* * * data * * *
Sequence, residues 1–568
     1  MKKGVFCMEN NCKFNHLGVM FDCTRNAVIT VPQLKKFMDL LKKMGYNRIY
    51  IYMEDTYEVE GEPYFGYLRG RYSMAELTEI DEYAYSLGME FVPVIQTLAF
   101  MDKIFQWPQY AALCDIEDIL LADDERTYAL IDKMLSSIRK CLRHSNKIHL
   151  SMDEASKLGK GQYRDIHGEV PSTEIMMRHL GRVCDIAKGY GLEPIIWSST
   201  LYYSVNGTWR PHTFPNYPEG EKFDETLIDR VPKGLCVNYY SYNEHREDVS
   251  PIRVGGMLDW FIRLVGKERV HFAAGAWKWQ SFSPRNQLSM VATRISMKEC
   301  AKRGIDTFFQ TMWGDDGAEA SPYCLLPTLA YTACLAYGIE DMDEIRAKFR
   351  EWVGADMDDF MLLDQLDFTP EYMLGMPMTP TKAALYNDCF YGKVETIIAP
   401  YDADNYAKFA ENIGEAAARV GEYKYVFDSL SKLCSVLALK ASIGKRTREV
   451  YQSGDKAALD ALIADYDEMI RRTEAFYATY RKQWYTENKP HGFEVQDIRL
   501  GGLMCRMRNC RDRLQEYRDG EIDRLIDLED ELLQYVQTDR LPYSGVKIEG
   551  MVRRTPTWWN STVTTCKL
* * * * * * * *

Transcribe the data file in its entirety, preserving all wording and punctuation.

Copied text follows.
Sequence, residues 1–568
     1  MKKGVFCMEN NCKFNHLGVM FDCTRNAVIT VPQLKKFMDL LKKMGYNRIY
    51  IYMEDTYEVE GEPYFGYLRG RYSMAELTEI DEYAYSLGME FVPVIQTLAF
   101  MDKIFQWPQY AALCDIEDIL LADDERTYAL IDKMLSSIRK CLRHSNKIHL
   151  SMDEASKLGK GQYRDIHGEV PSTEIMMRHL GRVCDIAKGY GLEPIIWSST
   201  LYYSVNGTWR PHTFPNYPEG EKFDETLIDR VPKGLCVNYY SYNEHREDVS
   251  PIRVGGMLDW FIRLVGKERV HFAAGAWKWQ SFSPRNQLSM VATRISMKEC
   301  AKRGIDTFFQ TMWGDDGAEA SPYCLLPTLA YTACLAYGIE DMDEIRAKFR
   351  EWVGADMDDF MLLDQLDFTP EYMLGMPMTP TKAALYNDCF YGKVETIIAP
   401  YDADNYAKFA ENIGEAAARV GEYKYVFDSL SKLCSVLALK ASIGKRTREV
   451  YQSGDKAALD ALIADYDEMI RRTEAFYATY RKQWYTENKP HGFEVQDIRL
   501  GGLMCRMRNC RDRLQEYRDG EIDRLIDLED ELLQYVQTDR LPYSGVKIEG
   551  MVRRTPTWWN STVTTCKL